The dramatic advances in induced pluripotent stem cells (iPSCs) technology over the last few years are turning the idea of xeno-grown autologous (x-gA) livers into a tangible reality. The advent of blastocyst complementation with iPSCs allowed for the generation of interspecific chimeras with few human cells in pigs and mice, and the creation of mouse complete pancreatic parenchyma in a rat. In addition, our group successfully transplanted chimeric mouse/rat livers into rats and showed improved function and survival over classic mouse to rat xenotransplantation. This model proves the ability for recipient-oriented remodeling and suggests that the liver can grow far beyond the size limits of the species of origin.
The present project aims to establish fundamental concepts which will set the stage for human-oriented studies and clinical applications. In particular:
1) Establish immunosuppression-free long- term survival of rats transplanted with autologous livers generated in mice
2) To generate xenogeneic autologous human livers in mice
Desensitization by clonal deletion, to accept future xenogeneic grafts: towards a “Transplant Vaccine”
Exposing a species to xenogenic tissue during the pre-immune phase (in-utero) may induce tolerance to xenogeneic solid organ transplantation in adulthood. We know from our experience that mouse-rat chimeras generated by blastocyst complementation are keen to accept organs and tissues from the two species. The aim of this project is to develop a strategy to expose mice to rat tissue in utero and to compare the outcomes of kidney and skin xenotransplantation to the matching whole-body chimeras.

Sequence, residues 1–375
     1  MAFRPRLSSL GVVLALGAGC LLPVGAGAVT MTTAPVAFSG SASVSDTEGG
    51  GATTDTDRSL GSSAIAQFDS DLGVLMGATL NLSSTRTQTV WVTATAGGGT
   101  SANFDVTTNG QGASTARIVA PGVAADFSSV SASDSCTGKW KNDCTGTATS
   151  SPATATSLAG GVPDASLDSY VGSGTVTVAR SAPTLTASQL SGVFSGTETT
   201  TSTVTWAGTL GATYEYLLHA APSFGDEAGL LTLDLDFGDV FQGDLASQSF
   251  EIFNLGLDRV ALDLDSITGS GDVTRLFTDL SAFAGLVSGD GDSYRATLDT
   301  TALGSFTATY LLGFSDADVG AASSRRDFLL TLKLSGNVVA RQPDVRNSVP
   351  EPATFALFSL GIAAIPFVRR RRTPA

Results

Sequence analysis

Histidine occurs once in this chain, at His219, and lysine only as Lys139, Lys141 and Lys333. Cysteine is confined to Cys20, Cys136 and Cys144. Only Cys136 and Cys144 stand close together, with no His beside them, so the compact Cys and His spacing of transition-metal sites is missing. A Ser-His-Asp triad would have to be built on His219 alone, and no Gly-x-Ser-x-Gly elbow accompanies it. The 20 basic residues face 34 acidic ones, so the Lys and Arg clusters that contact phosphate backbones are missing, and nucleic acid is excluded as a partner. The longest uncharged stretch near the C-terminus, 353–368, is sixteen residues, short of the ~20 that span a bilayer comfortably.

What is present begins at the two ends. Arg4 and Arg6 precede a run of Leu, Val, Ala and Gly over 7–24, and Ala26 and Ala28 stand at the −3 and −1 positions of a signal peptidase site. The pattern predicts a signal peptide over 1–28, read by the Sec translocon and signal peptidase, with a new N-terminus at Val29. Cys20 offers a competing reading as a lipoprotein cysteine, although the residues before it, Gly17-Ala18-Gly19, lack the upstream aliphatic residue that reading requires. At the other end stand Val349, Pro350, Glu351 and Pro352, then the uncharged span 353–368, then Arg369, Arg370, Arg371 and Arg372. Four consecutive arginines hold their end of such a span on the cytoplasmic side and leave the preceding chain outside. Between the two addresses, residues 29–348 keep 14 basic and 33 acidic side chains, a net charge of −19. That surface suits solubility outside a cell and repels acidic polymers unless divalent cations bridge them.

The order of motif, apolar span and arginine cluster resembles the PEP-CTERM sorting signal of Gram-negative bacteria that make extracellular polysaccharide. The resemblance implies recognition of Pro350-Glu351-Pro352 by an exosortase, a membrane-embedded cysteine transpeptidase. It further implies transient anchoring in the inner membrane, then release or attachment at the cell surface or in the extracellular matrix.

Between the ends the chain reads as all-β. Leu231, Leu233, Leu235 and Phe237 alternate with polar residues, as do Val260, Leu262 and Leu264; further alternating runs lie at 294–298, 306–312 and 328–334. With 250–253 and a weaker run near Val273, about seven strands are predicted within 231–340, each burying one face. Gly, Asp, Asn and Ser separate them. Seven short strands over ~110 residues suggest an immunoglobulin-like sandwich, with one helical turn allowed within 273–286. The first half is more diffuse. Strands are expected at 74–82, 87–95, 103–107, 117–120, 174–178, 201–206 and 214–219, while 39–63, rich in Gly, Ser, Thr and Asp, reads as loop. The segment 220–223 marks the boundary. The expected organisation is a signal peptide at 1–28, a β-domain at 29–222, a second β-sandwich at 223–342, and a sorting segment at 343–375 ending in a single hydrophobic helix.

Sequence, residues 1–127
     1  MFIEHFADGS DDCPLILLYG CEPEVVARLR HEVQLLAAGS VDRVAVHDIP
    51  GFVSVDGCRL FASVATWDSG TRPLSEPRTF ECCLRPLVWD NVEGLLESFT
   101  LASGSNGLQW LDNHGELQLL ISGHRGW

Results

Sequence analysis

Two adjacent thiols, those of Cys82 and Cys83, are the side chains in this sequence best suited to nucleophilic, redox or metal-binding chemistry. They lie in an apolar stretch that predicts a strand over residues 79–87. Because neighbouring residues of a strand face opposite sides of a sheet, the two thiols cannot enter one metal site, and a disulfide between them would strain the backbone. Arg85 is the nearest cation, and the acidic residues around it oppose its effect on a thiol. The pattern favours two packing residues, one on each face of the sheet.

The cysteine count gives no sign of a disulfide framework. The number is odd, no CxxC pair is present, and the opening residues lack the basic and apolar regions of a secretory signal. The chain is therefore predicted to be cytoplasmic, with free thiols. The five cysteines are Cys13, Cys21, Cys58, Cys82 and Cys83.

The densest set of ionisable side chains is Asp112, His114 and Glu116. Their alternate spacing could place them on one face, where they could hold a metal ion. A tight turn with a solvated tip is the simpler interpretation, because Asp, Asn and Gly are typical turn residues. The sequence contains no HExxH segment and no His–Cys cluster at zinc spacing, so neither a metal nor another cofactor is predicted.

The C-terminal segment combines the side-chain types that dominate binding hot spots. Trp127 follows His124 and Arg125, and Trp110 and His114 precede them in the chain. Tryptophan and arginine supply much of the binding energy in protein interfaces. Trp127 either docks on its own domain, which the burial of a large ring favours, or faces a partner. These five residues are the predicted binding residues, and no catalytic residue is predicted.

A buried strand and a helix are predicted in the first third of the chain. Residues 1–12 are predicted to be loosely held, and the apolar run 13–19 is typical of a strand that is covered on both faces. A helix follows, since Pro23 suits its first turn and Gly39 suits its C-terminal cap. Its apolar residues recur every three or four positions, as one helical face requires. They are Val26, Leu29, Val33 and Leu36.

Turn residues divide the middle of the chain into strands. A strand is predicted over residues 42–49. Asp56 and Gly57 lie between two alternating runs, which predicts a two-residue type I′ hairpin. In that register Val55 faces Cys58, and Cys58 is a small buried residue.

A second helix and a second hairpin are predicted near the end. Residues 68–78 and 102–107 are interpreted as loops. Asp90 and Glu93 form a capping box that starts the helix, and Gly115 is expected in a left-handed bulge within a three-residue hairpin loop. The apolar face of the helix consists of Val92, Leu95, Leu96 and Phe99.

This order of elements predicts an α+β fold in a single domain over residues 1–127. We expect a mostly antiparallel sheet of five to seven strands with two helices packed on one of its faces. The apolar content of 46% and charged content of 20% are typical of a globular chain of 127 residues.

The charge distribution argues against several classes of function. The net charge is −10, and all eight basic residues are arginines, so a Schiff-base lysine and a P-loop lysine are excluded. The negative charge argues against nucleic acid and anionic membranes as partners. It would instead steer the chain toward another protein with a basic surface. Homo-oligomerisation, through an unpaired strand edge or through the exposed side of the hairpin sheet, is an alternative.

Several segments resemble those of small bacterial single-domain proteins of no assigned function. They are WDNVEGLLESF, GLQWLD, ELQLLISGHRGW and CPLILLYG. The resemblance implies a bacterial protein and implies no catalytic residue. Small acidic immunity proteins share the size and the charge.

Passive isochoric sub-zero organ preservation
Transplantable organs are usually stored at 0-1 degrees Celsius. Lower temperatures determine the creation of ice crystals that compromise cellular integrity. Being able to extend the time an organ can be stored by lowering the temperature and, at the same time avoiding ice formation would facilitate long-distance transportation. Moreover, it would allow the creation of an organ bank, although short-term. With that in mind, we are designing and testing passive isochoric chambers that may allow organ preservation at sub-zero temperatures.
Implantable devices to reduce complications of pancreatic surgery
The leak of the pancreatico-jejunal (PJ) anastomosis or the pancreatic stump is a common complication that afflicts patients resected of the pancreas. Such complication entails longer hospital stays in the best case, but can also start a chain of events, sometimes leading to the patient's death (1-2%). Our group has designed and patented an implantable device that may significantly reduce the leak rate of PJ anastomoses. We are now working on producing the device with absorbable polymers, aiming at a pilot study in the next 1-2 years.Grants
Swiss National Science Foundation (SNSF), Ambizione Grant. $1,050,000 CAD. August 2020 – July 2024
Innogap. $35,000 CAD. 2023
Fondation Schmieder – Bohrisch. $54,000 CAD. 2020
Société Académique de Genève. $27,000 CAD. 2020Honours & Awards
2022 Swiss Transplant Society Excellence Award
2019 Swiss Transplant Society Award: 1st prize for basic research
2017 Prix “Gilles Mentha” for translational transplantation research – Geneva University Hospitals
2012 SSCV Poster Price, Swiss Surgery Congress Annual Meeting – DavosResearch Group Members
Mina Kolahdouz, Research technician IV